It is the Virginia Beach Law Enforcement Officers Memorial. Dedicated in 2012, it’s inscribed with 14 names of local officers who died in the line of duty. The bronze larger-than-life figures represent the police, the sheriff’s office and federal agencies.
     I thought of the statue after what Virginia Beach police chief Jim Cervera called a “horrific event of unbelievable proportion” occurred Friday afternoon: a dozen people murdered at the Virginia Beach Municipal Center. Shot dead for ... well, whatever unknowable blend of petty grievance and flaring psychosis (and, never forget, easy access to automatic weaponry) causes a person to do such a thing.

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Sunday, June 2, 2019

In new book, John Paul Stevens relates a lifetime of legal reasoning

John Paul Stevens in 2015
     I was engrossed when I heard former Supreme Court Justice John Paul Stevens speak to the Chicago Bar Association four years ago. Reading his new book was less captivating, for reasons I try to summarize in the Sunday paper today. 

     Chicago doesn’t cherish local boy John Paul Stevens as much as it should. Maybe next year, when the former Supreme Court justice turns 100, he’ll get his due.
     Though now is not too early to kick off the celebration by reading his new book “The Making of a Justice: Reflections on My First 94 Years” (Little Brown, $35).
     An unfortunate subtitle — apparently the book was five years in the making, though you’d think in that time somebody at his publisher would have noticed that Stevens places the presidential election of Jimmy Carter in 1978, as opposed to 1976, the year that event took place in temporal reality.
     Not to start with a gaffe in a book that is, generally, an engaging if, by necessity, legalistic account of the key issues that frame our national conversation.
     Stevens is so long-lived, perhaps it can be forgiven if the years blur.
     He remembers going to the 1929 World Series at Wrigley Field and seeing Babe Ruth make his called shot in 1932. His father and grandfather built the Stevens Hotel — now the Hilton Chicago — and, as a boy, Stevens met Amelia Earhart and Charles Lindbergh. His first job was as a wandering raisin tart salesman at the 1933 Century of Progress Fair, the fourth star in the flag of Chicago.
     Stevens was invited to become a Navy cryptographer, spending World War II deciphering Japanese communications, then returned to Chicago to get his law degree at Northwestern.

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Saturday, June 1, 2019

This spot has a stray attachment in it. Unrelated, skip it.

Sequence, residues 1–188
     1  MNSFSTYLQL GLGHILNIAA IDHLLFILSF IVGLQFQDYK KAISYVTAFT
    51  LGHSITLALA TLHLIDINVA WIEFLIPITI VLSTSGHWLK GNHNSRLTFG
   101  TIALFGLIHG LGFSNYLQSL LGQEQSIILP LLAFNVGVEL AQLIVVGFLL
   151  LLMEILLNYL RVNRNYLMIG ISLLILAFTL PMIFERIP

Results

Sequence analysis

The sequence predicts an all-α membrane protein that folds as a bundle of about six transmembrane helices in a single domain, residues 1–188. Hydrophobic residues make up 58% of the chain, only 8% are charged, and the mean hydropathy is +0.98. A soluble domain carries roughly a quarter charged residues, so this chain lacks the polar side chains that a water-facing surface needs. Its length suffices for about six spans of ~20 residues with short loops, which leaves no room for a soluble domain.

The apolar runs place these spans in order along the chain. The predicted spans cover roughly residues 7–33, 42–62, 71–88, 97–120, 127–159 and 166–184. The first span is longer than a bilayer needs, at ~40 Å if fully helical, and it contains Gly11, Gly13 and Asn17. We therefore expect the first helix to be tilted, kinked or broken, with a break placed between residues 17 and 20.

The Saturday Snapshot: Missouri justice

     Miscarriage of justice is nothing new in Missouri.
     After the state last week became the latest to enact an abortion ban—for all intents and purposes—denying half of American citizens the basic human right of enjoying sovereignty over their own bodies, faithful reader Tony Galati offered this timely contribution to the blog, these stunning photographs of the Old Courthouse in St. Louis, where the infamous Dred Scott case was first heard in 1847 and 1850 on its way for its infamous date with the United States Supreme Court.
     Scott was a slave, born in Virginia about 1799, taken to Missouri in 1830 with his owners, the Peter Blow family. He was sold to an army surgeon, Dr. John Emerson, who took him to the Illinois and Wisconsin territories, which were designated free by the Missouri Compromise of 1820.
      Upon his return in 1842 to slave-owning Missouri, abolitionist friends encouraged Scott, who was illiterate, to petition the court, arguing that his time as a free man in the territories made him free permanently. 
     Scott's case was filed in the then-unfinished St. Louis courthouse on April 6, 1846. He lost the first trial on a technicality, but was allowed to petition again. The Missouri courts, in a bit of ominous foreshadowing for proponents of the latest law depriving Americans of liberty, sided with the notion of "once free, always free," and Scott won his freedom in this building in 1850. 
     But the case was appealed to the Missouri Supreme Court by the widow of the surgeon.
     The U.S. Supreme Court, to its undying shame, decided in 1857 that no black person could be a citizen of the United States, a ruling whose wrongness is echoed today in the notion that no woman can decide when she wants to have a baby. It took the Civil War to correct the court's error; who knows what national fissure will be required to put this question to rest? Future generations will no doubt view the current machinations—the dying gasp of compulsory religion in this country—with the same sense of sorrowful bafflement that Americans today view the Dred Scott case.
     Unless they don't. The side of justice always assumes it will win in the end but, if we look around at the world today, we can see that just isn't so.